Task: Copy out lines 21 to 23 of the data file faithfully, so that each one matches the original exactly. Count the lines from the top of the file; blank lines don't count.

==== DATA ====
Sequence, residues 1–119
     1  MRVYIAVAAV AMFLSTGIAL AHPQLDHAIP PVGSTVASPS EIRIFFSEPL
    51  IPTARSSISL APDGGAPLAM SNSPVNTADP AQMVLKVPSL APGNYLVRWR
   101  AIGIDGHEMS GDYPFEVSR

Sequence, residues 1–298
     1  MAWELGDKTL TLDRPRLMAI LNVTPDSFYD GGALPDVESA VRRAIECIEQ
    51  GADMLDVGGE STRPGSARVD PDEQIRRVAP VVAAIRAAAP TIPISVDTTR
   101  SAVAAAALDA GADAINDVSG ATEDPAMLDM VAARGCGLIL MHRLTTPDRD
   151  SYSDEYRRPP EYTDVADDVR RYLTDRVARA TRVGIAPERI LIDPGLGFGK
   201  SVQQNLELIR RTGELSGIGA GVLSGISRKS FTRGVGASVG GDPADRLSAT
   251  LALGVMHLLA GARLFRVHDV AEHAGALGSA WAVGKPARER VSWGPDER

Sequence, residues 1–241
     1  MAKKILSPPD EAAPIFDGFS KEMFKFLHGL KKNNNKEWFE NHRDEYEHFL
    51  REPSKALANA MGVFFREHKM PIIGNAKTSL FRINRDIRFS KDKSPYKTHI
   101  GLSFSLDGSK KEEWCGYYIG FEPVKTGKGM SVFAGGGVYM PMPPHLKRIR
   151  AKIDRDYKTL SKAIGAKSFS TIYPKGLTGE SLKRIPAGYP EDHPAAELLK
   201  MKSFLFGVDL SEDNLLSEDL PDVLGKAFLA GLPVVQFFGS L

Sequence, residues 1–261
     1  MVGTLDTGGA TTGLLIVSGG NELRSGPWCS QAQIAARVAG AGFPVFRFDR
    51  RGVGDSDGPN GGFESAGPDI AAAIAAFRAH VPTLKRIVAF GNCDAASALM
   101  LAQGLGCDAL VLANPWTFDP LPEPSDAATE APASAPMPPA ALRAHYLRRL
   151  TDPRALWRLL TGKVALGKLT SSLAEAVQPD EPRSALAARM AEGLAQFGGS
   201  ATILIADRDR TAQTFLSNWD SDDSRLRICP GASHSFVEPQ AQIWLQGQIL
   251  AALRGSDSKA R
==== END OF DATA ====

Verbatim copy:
   101  LAQGLGCDAL VLANPWTFDP LPEPSDAATE APASAPMPPA ALRAHYLRRL
   151  TDPRALWRLL TGKVALGKLT SSLAEAVQPD EPRSALAARM AEGLAQFGGS
   201  ATILIADRDR TAQTFLSNWD SDDSRLRICP GASHSFVEPQ AQIWLQGQIL